Can bone turnover markers help to define the suitability and duration of bisphosphonate drug holidays?

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Abstract

Background: On stopping bisphosphonate treatment, bone resorption may increase before evidence of a decrease in bone density. Offset of bisphosphonate effect may therefore be monitored by measuring C-terminal telopeptide (CTX) following long-term bisphosphonate treatment to inform clinical decisions on drug holiday.

Methods: Retrospective analysis of 158 patients (83% female, mean age 71 years) starting a drug holiday had plasma CTX measured at discontinuation (baseline), n=138 and 4 months and n=136, and 12 months (n=100). Premenopausal mean CTX levels and the least significant change (LSC) detectable were used to define target thresholds for bone turnover.

Results: Following long-term bisphosphonate treatment (69% alendronic acid, 33% risedronate, mean duration 8 years SD 2.7), 32% patients had CTX above target (0.19 μg/L). In those with baseline CTX below threshold, 28% increased CTX to >0.19 μg/L and > LSC (0.06 μg/L) by 4 months (mean CTX increase 0.05 μg/L [95% confidence interval (CI): 0.04–0.06; p<0.0001]) and 53% by 12 months (mean CTX increase 0.09 μg/L [95% CI: 0.07–0.10; p<0.0001]), whilst 47% had no detectable changes in CTX over 12 months.

Conclusion: A third of patients showed inadequate suppression of CTX at baseline, despite long-term bisphosphonate treatment. Drug holiday may not be appropriate for this group, showing a poor therapeutic response or poor adherence. For more than a quarter of patients, bisphosphonate effects were wearing off at 4 months and around half by 12 months. We suggest CTX monitoring could identify those not experiencing a sustained bisphosphonate effect, including poorly adherence to therapy, and may be used during a drug holiday to prompt recommencement of therapy.

Keywords: diphosphonates, bone resorption, osteoporosis, bone remodelling, collagen type 1, risedronic acid, alendronate.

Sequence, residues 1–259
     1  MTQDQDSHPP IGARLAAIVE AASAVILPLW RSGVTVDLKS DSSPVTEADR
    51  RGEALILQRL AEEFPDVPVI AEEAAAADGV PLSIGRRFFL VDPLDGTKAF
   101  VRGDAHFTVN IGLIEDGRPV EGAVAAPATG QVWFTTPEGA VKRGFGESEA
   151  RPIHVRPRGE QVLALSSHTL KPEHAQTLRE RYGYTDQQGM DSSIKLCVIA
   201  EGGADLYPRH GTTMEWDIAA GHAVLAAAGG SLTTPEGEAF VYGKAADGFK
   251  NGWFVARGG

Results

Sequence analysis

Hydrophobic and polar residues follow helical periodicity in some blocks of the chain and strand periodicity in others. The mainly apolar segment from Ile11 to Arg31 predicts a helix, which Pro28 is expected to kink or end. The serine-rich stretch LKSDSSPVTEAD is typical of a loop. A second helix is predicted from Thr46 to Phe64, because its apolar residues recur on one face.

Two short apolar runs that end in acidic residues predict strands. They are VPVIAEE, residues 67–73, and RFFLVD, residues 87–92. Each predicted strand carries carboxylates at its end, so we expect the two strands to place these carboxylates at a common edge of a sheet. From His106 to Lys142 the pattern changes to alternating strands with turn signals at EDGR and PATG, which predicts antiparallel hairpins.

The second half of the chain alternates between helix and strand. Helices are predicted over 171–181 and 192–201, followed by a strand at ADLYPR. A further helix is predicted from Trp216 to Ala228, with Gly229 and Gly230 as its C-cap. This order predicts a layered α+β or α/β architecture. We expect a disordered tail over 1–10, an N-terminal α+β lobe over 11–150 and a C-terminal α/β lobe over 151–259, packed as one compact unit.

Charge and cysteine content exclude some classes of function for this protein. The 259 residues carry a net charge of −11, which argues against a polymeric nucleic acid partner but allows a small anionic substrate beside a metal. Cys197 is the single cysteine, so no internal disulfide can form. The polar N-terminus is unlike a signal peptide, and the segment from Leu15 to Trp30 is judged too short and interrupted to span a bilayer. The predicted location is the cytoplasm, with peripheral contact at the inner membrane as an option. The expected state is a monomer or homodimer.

Citation: Statham L, Abdy S, Aspray TJ. Can bone turnover markers help to define the suitability and duration of bisphosphonate drug holidays? Drugs in Context 2020; 9: 2020-1-3. DOI: 10.7573/dic.2020-1-3

Contributions: LS, TJA, and SA designed the study. LS and SA collected data. LS wrote the research article with TJA by a process of iterative drafting. All authors reviewed the final manuscript. All named authors meet the International Committee of Medical Journal Editors (ICMJE) criteria for authorship for this article, take responsibility for the integrity of the work as a whole, and have given their approval for this version to be published.

Disclosure and potential conflicts of interest: All authors declare that they have no conflicts of interest. The International Committee of Medical Journal Editors (ICMJE) Potential Conflicts of Interests form for the authors is available for download at: https://www.drugsincontext.com/wp-content/uploads/2020/04/dic.2020-1-3-COI.pdf

Acknowledgements: Study results were presented as an oral presentation and poster at ECTS conference. May 14, 2016.

Funding declaration: There was no funding received for this research or associated with the preparation of this article.

Copyright: Copyright © 2020 Statham L, Abdy S, Aspray TJ. Published by Drugs in Context under Creative Commons License Deed CC BY NC ND 4.0 which allows anyone to copy, distribute, and transmit the article provided it is properly attributed in the manner specified below. No commercial use without permission.

Correct attribution: Copyright © 2020 Statham L, Abdy S, Aspray TJ. https://doi.org/10.7573/dic.2020-1-3. Published by Drugs in Context under Creative Commons License Deed CC BY NC ND 4.0.

Article URL: https://drugsincontext.com/can-bone-turnover-markers-help-to-define-the-suitability-and-duration-of-bisphosphonate-drug-holidays?

Correspondence: Louise Statham, The Bone Clinic, Freeman Hospital, Newcastle upon Tyne NE7 7DN, UK. Louise.statham@sunderland.ac.uk

Provenance: submitted; externally peer reviewed.

Submitted: 29 January 2020; Peer review comments to author: 1 April 2020; Revised manuscript received: 7 April 2020; Accepted: 7 April 2020; Publication date: 8 May 2020.

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